Composer-performers who write primarily for their own instruments have left great impressions in the past, and Nikita Koshkin is no exception. Paganini pushed back the technical limits of the violin, gaining for the instrument a new range of musical possibilities, Chopin’s music unleashed the expressive potential of the piano to the great profit of later composers, and now, the ambition of the Russian composer-guitarist Nikita Koshkin in writing music for the guitar has been twofold: to expand the vocabulary of effects on the guitar, and, more importantly, to develop means to incorporate these into musical expressions.
Hailed as “the Sultan of Duende” and already an international sensation, Spanish-born flamenco guitarist Vicente Amigo won the Latin Grammy in 2001 for Best Flamenco Album for his BMG debut City of Ideas. Like Amigo’s first three albums, it has won him new fans in his homeland and across Europe, as well as in South America and Japan. Windham Hill/RCA introduced the guitarist to American audiences on August 6th with the first U.S. release of City of Ideas, an expansive East-meets-West affair that combines the solea rhythm of puro flamenco with elements of buleria, bolero, rumba, tango and alegria.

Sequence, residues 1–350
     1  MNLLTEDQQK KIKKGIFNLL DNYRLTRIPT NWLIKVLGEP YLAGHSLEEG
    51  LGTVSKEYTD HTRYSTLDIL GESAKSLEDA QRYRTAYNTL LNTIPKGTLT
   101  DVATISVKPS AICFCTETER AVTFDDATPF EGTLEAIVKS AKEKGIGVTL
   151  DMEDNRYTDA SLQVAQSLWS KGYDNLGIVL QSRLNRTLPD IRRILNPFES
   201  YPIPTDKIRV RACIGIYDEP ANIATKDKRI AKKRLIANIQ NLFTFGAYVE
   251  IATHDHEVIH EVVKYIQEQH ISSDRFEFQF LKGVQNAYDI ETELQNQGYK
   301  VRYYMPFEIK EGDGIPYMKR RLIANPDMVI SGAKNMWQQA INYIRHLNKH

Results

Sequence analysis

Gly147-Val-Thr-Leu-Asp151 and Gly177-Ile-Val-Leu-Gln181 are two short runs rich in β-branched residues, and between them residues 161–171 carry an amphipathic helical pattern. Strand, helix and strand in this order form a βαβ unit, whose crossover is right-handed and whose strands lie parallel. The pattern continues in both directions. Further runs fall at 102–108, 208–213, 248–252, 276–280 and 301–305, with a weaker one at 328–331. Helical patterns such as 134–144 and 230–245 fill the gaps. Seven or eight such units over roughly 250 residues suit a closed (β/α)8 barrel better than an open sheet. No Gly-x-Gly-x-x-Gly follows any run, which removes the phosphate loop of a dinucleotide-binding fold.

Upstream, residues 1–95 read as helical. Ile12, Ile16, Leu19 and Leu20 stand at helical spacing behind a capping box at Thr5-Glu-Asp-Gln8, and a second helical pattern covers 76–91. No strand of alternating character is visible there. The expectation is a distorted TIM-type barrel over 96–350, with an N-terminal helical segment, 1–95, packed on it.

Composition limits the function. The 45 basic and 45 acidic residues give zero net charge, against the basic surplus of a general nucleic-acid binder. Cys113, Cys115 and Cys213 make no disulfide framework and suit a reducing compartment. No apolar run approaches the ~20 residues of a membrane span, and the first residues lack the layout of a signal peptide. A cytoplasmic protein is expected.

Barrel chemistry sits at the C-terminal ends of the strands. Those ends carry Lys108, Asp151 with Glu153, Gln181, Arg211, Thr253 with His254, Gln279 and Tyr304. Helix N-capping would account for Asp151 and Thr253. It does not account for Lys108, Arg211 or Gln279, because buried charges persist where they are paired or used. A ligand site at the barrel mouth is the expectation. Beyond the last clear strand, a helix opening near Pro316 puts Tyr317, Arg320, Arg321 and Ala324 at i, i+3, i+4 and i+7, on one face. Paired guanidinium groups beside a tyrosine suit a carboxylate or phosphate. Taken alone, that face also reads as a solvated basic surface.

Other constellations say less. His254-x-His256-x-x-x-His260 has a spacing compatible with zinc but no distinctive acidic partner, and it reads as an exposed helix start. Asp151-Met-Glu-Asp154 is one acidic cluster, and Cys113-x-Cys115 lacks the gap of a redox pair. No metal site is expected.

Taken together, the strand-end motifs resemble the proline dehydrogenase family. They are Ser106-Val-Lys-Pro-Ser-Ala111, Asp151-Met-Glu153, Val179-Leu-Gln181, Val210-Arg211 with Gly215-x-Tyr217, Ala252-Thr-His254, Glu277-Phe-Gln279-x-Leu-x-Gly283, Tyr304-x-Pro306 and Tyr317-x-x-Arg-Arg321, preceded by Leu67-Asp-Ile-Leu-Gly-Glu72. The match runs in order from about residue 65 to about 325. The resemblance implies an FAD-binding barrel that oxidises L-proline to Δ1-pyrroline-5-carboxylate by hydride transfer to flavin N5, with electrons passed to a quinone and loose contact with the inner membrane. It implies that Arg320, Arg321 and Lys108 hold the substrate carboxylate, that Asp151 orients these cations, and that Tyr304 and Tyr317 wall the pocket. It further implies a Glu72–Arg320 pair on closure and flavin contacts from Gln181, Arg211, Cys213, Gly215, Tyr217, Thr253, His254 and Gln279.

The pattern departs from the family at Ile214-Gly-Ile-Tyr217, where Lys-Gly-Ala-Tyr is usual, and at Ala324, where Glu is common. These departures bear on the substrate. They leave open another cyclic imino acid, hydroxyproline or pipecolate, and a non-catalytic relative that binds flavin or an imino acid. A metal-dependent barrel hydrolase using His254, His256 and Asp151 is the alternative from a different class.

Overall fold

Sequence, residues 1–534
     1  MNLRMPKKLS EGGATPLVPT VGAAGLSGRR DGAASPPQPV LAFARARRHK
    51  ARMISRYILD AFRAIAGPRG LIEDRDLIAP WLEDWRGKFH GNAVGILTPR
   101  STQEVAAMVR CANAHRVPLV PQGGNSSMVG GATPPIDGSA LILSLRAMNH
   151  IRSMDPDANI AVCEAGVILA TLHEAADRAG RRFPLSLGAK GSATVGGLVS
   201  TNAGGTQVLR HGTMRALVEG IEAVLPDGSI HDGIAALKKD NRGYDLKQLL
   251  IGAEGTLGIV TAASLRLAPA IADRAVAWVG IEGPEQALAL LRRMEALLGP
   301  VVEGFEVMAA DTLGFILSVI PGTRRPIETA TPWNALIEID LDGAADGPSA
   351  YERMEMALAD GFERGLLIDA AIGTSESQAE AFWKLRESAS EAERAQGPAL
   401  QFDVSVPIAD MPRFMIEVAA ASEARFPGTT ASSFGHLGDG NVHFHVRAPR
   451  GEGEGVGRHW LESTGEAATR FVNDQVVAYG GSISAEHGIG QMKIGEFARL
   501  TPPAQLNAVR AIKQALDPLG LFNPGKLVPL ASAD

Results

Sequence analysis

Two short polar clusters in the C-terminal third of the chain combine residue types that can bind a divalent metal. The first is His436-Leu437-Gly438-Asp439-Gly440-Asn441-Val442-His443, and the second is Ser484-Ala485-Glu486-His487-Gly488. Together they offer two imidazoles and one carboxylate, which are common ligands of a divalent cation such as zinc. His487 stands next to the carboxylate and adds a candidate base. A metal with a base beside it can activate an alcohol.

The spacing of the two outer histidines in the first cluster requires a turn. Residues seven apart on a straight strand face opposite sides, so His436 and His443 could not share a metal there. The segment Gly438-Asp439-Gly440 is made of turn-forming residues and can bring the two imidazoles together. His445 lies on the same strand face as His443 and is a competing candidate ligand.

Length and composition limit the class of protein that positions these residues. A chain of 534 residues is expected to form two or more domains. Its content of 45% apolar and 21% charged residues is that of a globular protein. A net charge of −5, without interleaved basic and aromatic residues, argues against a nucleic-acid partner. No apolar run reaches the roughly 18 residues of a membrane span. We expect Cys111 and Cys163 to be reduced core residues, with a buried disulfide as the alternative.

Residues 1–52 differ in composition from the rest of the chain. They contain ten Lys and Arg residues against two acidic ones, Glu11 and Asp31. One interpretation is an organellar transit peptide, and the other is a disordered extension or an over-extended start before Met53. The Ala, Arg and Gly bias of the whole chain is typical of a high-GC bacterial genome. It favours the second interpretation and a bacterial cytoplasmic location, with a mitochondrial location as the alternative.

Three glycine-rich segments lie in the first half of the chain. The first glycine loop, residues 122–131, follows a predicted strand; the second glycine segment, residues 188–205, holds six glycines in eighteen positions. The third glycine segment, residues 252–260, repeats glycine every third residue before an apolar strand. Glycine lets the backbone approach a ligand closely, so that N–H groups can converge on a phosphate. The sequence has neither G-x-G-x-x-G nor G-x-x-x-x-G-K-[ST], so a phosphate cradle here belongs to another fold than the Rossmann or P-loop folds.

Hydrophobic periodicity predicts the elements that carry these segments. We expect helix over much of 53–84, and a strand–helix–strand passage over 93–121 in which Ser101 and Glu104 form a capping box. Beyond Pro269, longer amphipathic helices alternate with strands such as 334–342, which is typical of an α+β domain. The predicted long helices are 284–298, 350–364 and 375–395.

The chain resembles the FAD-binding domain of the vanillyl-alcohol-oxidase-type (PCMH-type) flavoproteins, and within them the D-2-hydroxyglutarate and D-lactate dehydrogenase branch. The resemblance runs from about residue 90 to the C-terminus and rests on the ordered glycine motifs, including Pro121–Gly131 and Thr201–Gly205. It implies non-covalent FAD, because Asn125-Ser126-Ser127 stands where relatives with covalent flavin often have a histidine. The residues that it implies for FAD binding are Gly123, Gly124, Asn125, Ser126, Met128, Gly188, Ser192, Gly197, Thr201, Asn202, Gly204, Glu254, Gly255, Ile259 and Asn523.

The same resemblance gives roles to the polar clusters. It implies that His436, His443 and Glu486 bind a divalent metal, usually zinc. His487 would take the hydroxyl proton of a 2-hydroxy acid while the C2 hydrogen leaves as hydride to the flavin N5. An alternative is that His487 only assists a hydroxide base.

The Illinois Times wrote that guitarist Martha Masters “…is on a swift and certain trajectory to star territory.” Masters’ playing has been described as “seductive” (Ft. Worth Star Telegram), “intelligent and natural” (Guitar Review), and “refined and elegant” (American Record Guide). She is active as a solo recitalist, as a chamber musician, and as a soloist with orchestras. Recent concert seasons have included performances on concert series and at festivals in China, England, Denmark, Spain, Poland, Germany, Paraguay, Peru, Puerto Rico, Canada, Mexico, and throughout the United States.